Things continue to look bright here in the Northeast, especially the industrial part of the area. The New York branch of the Federal Reserve - which covers New York, northern New Jersey and southern Connecticut - released its general economic index for February yesterday, and the figure far exceeded expectations. The figure is at 19.5, after sitting at 13.5 in January. In Bloomberg's survey of 56 economists, all asked to predict the number, not a single one had it that high.

Manufacturing is helping drive those numbers upward. The Fed announced that manufacturing grew at the fastest rate in the New York region than it had at any time since June 2010. Nationwide, factory output grew the most in December and January than it had in any two-month stretch since the recession was coming to an end, in July and August 2009.

Manufacturing isn't always that visible in the New York metro area, but it accounts for about 6 percent of the economic activity in the New York Fed's region. Nationally, manufacturing accounts for 12 percent of America's economy.

Who Is the World's Biggest Economic Power?

What nation dominates the world economically? If you ask Americans, the answer you're likely to get, by a surprisingly wide margin, is China. According to a Gallup poll conducted last week, 53 percent of all respondents described China as the leading economic power in the world today, with only 33 percent naming the U.S. Trailing far behind was Japan, named by 7 percent, followed by the European Union (3 percent) and India (2 percent).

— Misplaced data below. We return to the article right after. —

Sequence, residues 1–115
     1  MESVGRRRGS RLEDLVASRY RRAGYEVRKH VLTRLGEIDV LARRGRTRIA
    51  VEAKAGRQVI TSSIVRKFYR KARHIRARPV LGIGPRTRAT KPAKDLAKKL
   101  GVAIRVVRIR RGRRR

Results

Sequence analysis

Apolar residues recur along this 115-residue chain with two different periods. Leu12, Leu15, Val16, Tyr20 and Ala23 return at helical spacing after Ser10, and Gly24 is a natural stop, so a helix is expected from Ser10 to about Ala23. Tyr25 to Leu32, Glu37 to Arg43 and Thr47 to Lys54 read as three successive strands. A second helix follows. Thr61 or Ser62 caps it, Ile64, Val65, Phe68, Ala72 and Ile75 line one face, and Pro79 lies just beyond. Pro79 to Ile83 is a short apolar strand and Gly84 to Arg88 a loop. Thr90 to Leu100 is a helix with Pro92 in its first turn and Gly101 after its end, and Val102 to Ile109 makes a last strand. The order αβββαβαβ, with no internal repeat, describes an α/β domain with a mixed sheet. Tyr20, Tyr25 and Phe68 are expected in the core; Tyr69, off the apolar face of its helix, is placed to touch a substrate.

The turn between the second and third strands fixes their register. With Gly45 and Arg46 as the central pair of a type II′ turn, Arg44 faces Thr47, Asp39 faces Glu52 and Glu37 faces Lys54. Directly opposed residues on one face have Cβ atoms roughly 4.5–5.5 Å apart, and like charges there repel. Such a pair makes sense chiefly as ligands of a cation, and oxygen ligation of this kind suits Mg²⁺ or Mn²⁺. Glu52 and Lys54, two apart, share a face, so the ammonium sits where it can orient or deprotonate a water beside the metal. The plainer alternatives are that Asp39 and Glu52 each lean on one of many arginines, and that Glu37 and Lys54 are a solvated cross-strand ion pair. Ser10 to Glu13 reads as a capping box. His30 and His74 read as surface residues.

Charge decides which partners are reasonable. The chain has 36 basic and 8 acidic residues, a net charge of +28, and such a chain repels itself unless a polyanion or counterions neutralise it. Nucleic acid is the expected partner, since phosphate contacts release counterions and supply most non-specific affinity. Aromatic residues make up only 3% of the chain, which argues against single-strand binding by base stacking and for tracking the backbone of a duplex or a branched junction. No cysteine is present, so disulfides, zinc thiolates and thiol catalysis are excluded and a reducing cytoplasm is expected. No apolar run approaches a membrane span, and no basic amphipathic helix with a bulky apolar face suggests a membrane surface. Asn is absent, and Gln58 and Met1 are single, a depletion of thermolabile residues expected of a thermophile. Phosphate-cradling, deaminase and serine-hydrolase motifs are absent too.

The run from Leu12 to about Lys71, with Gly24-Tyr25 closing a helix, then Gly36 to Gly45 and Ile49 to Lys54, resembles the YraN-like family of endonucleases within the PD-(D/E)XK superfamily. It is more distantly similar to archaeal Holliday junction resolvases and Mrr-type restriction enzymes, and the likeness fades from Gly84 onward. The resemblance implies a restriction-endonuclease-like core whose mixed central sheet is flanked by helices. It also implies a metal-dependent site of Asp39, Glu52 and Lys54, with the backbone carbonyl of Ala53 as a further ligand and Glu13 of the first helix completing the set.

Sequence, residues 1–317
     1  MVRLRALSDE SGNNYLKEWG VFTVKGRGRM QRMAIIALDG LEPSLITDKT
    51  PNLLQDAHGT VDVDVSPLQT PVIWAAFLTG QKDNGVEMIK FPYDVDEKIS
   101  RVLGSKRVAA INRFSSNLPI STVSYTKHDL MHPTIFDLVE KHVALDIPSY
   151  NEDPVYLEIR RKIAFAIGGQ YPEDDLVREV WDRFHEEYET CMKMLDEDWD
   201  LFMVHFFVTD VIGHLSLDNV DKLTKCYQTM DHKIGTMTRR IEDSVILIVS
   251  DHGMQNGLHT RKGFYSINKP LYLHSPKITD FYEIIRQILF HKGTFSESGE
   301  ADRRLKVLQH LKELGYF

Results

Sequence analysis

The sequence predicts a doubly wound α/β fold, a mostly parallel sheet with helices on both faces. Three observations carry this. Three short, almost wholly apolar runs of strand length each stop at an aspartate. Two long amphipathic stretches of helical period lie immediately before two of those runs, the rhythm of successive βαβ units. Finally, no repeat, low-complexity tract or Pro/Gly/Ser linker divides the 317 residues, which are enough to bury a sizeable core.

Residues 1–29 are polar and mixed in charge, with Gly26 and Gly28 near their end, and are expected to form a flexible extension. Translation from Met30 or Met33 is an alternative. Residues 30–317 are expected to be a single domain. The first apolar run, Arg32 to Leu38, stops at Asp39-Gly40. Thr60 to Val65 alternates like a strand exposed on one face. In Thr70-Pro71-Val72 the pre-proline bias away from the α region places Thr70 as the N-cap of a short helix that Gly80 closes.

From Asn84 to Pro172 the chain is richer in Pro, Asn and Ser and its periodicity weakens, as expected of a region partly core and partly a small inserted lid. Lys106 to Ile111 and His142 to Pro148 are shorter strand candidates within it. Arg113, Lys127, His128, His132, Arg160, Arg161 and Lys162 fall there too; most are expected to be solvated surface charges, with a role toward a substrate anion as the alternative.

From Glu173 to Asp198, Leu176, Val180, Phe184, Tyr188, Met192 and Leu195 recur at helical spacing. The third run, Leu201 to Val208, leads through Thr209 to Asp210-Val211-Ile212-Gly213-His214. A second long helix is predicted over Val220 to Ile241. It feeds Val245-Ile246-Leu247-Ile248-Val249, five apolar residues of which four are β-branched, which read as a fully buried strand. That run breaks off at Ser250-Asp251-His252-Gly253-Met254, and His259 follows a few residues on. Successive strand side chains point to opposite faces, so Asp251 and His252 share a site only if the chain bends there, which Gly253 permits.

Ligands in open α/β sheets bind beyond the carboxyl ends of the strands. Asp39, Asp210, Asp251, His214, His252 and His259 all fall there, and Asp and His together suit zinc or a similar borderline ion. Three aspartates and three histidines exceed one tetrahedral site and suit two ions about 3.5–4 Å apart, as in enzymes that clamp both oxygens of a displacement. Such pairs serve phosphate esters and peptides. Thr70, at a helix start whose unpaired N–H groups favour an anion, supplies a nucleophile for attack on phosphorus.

Those numbers are largely unchanged from last year, but as recently as 2009, the same survey found China and the U.S. nearly dead-even, at 39 percent and 37 percent, respectively. Back in 2000, Japan actually finished ahead of China in this survey.

It's worth pointing out that, by most measures, the United States is still the leading economic power in the world. The CIA's World Factbook estimates America's 2011 GDP at just over $15 trillion, and China's at $11.3 trillion. Per capita, the difference is even wider, with China's GDP at $8,400, nowhere near the U.S. rate of $48,100 per person.

Tuesday, February 14, 2012

The White House Forecasts the Economy

As part of the budget released by the Obama Administration yesterday's, the president's staff also released a set of macroeconomic forecasts underpinning their budget projections. Some of the highlights:

* The White House predicts that GDP will grow 2.7 percent in 2012. That's up slightly from the 2.6 percent forecast issued last September. The administration also sees 3 percent growth in 2013, moving up to 3.6 percent in 2015 and 4.1 percent in 2016.

* The yield on ten-year Treasury notes - currently just under 2 percent - is expected to inch upward to 2.8 percent by the end of this year, 3.5 percent in 2013, and 3.9 percent in 2014.

* The consumer price index is predicted to go up to 2.2 percent this year, before settling at 1.9 percent in 2013 and 2 percent in 2014.

Monday, February 13, 2012

Signs of Optimism